Current issues of ACP Journal Club are published in Annals of Internal Medicine


Laparoscopic cholecystectomy was more effective than minilaparotomy

ACP J Club. 1994 July-Aug;121:16. doi:10.7326/ACPJC-1994-121-1-016

Source Citation

McMahon AJ, Russell IT, Baxter JN, et al. Laparoscopic versus minilaparotomy cholecystectomy: a randomised trial. Lancet. 1994 Jan 15;343:135-8.



To evaluate morbidity and hospital costs for laparoscopic compared with minilaparotomy cholecystectomy.


Randomized control trial with 12-week follow-up.


5 hospitals (1 university and 4 general hospitals) in Scotland.


299 patients with symptomatic cholelithiasis as an indication for elective cholecystectomy. Exclusion criteria were common bile duct stones; extensive previous upper abdominal surgery; or abnormal liver function tests or dilated common bile duct with an abnormal preoperative cholangiogram.


Laparoscopic cholecystectomy (n = 151), done by a 4-trocar technique with electrocautery dissection, or minilaparotomy (n = 148) done through a 5- to 10-cm transverse subcostal incision. Both groups received antibiotic prophylaxis, subcutaneous heparin, and local anesthetic wound infiltration at the end of the procedure.

Main outcome measures

Median duration of postoperative hospitalization, costs, and patient satisfaction 1, 4, and 12 weeks after surgery.

Main results

15 patients (10%) assigned to laparoscopic cholecystectomy required open cholecystecomy, and 14 patients (10%) assigned to minilaparotomy required an incision of > 10 cm. Patients who received laparoscopic cholecystectomy, compared with patients who received minilaparotomy, had a longer mean operation time from skin incision to closure (71 vs 57 min, P < 0.001) and a shorter median hospital stay (2 vs 4 d, P < 0.001). After 1 week, patients receiving laparoscopic cholecystectomy had better physical and social function, less pain, and less depression compared with those receiving minilaparotomy (P for linear trends < 0.05). No difference existed at 12 weeks. Patients with laparoscopic cholecystectomy also returned earlier to leisure and social activities (median 7 vs 12 d, P < 0.01). The groups did not differ for time to return to work. Hospital costs were higher for the laparoscopic procedure (£1486 {U.S. $2170}* vs £1090 {U.S. $1591}*, P < 0.001). The rate of complications was similar in the groups (laparoscopic cholecystectomy 17%; minilaparotomy 20%).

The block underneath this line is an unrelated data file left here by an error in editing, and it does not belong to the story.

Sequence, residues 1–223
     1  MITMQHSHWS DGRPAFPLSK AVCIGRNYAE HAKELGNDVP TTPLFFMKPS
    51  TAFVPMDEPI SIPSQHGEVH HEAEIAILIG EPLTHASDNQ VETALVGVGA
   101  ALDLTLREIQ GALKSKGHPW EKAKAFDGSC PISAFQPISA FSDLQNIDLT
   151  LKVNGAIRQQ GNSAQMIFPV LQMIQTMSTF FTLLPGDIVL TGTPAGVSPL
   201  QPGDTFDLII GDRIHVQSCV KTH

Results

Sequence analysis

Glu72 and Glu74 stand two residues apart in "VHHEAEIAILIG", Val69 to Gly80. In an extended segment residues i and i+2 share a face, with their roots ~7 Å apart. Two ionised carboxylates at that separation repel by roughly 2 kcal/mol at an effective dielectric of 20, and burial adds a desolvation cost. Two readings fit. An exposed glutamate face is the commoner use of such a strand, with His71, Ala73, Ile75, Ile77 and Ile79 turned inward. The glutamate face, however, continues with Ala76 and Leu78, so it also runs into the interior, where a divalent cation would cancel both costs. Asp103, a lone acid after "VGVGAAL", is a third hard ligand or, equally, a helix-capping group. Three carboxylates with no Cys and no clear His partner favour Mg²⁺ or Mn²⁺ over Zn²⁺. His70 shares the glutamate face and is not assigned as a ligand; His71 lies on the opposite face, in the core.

Compared with minilaparotomy, laparoscopic cholecystectomy led to reduced postoperative pain and pulmonary dysfunction; shorter but costlier hospitalization; an earlier return to normal activities but not to paid employment; and somewhat greater short-term satisfaction.

Source of funding: Chief Scientist Office of the Home and Health Department of the Scottish Office.

For article reprint: Mr. P.J. O'Dwyer, University Department of Surgery, Western Infirmary, Glasgow G11 6NT, Scotland, United Kingdom. Fax 44-141-211-1972.

*Conversion rate used was for March 1993, the end of recruitment for the study [U.S. $1 = £0.685].


The study by McMahon and colleagues is one of the few that compares minilaparotomy with laparoscopic cholecystectomy. Even without rigorous evaluation, laparoscopic cholecystectomy has taken the surgical field by storm since its introduction late in 1989. By 1990, 25% of cholecystectomies were done by laparoscope, and 80% were done in this way in 1992.

This study compared laparoscopic cholecystectomy with minilaparotomy using a randomized controlled design and addressed not only complications but also direct hospital costs, patient satisfaction, and at least 1 indicator of indirect cost—return to work. Direct hospital costs were higher for laparoscopic cholecystectomy, even with the decrease in hospital stay. The higher cost per procedure is especially important because of the substantial increase in the overall rate of cholecystectomies done because of the increased use of laparoscopic cholecystectomy (1-3). Although patients were more satisfied and able to return to leisure activities sooner after a laparoscopic cholecystectomy, these differences were not statistically significant at 3 months and patients did not return to work faster.

This and other studies indicate that laparoscopic cholecystectomy has a similar complication rate (1) and decreased mortality (3) when compared with open cholecystectomy. For the individual patient, the shorter recovery, increased short-term satisfaction, and decreased mortality warrant the increased costs. From a societal perspective, however, these considerations need to be balanced against a probable change in threshold for doing a cholecystectomy, higher direct costs of laparoscopic cholecystectomy, and a suggestion of comparable indirect cost for laparoscopic cholecystectomy and minilaparotomy in terms of time lost from work.

Claudia A. Steiner, MD, MPH
Johns Hopkins UniversityBaltimore, Maryland, USA


1. Legoretta AP, Silber JH, Constantino GN, Kobylinski RW, Zatz SL. Increased cholecystectomy rate after the introduction of laparoscopic cholecystectomy. JAMA. 1993;270:1429-32.

2. Orlando R 3d, Russell JC, Lynch J, Mattie A. Laparoscopic cholecystectomy. A statewide experience. The Connecticut Laparoscopic Cholecystectomy Registry. Arch Surg. 1993;128:494-9.

3. Steiner CA, Bass EB, Talamini MA, Pitt HA, Steinberg EP. Surgical rates and operative mortality for open and laparoscopic cholecystectomy in Maryland. N Engl J Med. 1994;330:403-8.